Noemi J. Mullins

This is something I’ve noticed in my work with couples. It seems to cause conflict, tension, and a disconnection between partners. The dark cloud that creeps slowly into my sessions is usually a result of sensitivity around “commitment.”

What is a committed relationship?

No matter whether they’ve been dating for a few months or 25 years, it doesn’t really matter. Couples often report feeling off-balance in their relationship. This is usually due to the absence of a label or event.

This can lead to insecurity, resentment, and, in some cases, even separation. As a [Millennial], we wait longer than other generations to “settle down,” get married, have children, and dive into “ultimate commitment” with a partner. First, we want to be able to focus on ourselves and our dreams. We want to achieve the best possible relationship and future.

Although we may have goals and expectations, we can get confused when we enter a relationship with gray boundaries or if we assume agreements about the future of our relationship or the security of the current one. The independence we seek (while empowering) can also have a huge impact on our ability to be open with one another and how comfortable we feel relying on each other.

We then establish a relationship with a partner who is interested in the person we portray without having> any/em> issues. Still, to get closer, we can find ourselves requiring a higher level of “commitment” to feel secure fully. Then, we establish a relationship without any problems with the person we present. But then, in order to get closer to that partner, we may need a higher level of “commitment.”

It can get complicated, and our relationship could be set up on a foundation of deep insecurities. We can then become so focused on a higher “commitment level” (e.g., label, event, or making plans) that we forget to take the time to build intimacy and vulnerability, which are required to maintain any genuine commitment. We feel that these events will fill in all the voids or worries we have within us, creating a sense of “natural security” when you know your partner won’t be leaving.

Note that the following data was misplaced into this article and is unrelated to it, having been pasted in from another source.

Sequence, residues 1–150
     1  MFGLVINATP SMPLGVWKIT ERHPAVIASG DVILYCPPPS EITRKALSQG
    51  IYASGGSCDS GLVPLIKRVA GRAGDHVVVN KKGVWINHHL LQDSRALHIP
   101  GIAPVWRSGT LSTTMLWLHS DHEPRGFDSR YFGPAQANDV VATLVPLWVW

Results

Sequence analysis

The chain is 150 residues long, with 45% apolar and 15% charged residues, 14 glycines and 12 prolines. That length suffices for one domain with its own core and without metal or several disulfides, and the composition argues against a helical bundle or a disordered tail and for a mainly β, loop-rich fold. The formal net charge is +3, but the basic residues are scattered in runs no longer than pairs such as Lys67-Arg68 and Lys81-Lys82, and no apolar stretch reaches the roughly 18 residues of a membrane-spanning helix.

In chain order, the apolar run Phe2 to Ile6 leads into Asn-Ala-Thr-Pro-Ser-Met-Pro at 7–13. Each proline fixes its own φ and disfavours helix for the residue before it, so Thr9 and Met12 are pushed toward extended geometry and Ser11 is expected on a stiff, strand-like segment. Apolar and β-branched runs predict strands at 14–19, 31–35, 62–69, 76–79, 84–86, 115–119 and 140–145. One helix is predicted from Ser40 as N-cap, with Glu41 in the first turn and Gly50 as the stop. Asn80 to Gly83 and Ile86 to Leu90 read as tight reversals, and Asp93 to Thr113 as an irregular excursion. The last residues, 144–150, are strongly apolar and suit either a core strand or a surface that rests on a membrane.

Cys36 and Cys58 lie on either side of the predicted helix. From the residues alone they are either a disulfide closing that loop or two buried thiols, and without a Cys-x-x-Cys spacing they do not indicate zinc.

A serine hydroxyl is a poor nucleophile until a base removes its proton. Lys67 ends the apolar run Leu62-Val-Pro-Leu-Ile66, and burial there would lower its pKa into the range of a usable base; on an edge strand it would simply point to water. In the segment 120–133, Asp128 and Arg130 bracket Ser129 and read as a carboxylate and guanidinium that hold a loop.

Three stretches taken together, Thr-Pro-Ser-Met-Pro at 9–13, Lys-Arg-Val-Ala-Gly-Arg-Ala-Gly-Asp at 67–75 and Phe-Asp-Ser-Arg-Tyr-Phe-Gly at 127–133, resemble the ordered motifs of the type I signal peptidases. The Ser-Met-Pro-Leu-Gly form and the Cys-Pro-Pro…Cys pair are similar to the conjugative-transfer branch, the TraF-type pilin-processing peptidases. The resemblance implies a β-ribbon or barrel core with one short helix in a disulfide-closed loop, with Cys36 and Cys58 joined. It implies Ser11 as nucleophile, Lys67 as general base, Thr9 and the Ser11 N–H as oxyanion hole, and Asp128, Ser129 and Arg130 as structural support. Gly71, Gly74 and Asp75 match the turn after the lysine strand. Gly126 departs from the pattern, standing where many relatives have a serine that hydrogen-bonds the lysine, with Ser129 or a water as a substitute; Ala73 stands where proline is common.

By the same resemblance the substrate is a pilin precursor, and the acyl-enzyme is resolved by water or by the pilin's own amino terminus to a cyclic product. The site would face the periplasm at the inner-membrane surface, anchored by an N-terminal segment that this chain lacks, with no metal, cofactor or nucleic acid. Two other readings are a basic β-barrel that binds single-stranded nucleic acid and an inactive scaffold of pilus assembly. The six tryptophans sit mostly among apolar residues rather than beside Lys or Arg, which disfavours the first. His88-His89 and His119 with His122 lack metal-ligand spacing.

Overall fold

This issue has arisen in different couples at various stages of their relationship (i.e.. They are going through a major rupture, which has destroyed their trust, or a relationship that has been together for several years. Still, one partner needs a proposal or threatens to end the relationship. I’ve noticed that people don’t feel secure in their relationships because they’re not aware of their insecurities or are unwilling to address them. It may sound harsh, but I believe that for a relationship to be secure, fulfilling, and passionate, both people must be willing to be vulnerable. Also includes that person who is perceived to be less invested in the relationship. It is also important to dig deeper within to find out the reasons these labels, events, and feelings are causing them discomfort.

We all have our attachment stuff coming up from childhood, previous experiences/relationships, trauma, emotional insecurities, etc, that tend to affect our needs and fears. We can bring our “stuff” into a relationship, knowingly or unknowingly. This can lead to a lot of emotions and behaviors that we’re not proud of. We don’t want to admit this to our partner. We don’t want to accept it about ourselves. We want to avoid and create a quick solution.

“So… what about that ring?”

If we don’t take the time to sit down with our emotions and understand how they impact us and our relationship, we will eventually run into this issue, whether this partner is it or not.

The avoidance of unpleasant emotions and lack of self-acceptance can manifest themselves in many different ways, which can lead to conflict within a relationship. Even after the committed event has taken place, we can still feel confused and insecure because our “commitment’ didn’t appear or last.

I believe that when you are able to dive into yourself and reveal your fears, insecurities, and feelings, you will be able to communicate more effectively and vulnerably. When your partner feels safe, they will be able to hear you and not react to your perceived demands and defenses. It will allow you to work together to resolve issues and discomfort (which will then foster the intimacy and safety that you crave). No wedding, no number of anniversaries, or downpayment for a house can give us that feeling authentically.

(…To be clear, I’m not saying these events don’t represent commitment. But, if you feel that you require a greater level of commitment in a relationship and you are experiencing backlash, you might be digging the wrong hole to try to find it. We need to be comfortable with ourselves before we can appreciate and respect these life events (which are perceived as a higher level of commitment).

Before we can expect a flow, we need to take care of our lawns and gardens.

A relationship needs to develop, grow, and sustain. The ultimate level of safety comes from finding acceptance and security in yourself. This will create the safest environment for a relationship that is mutually committed, fulfilling, and growing.

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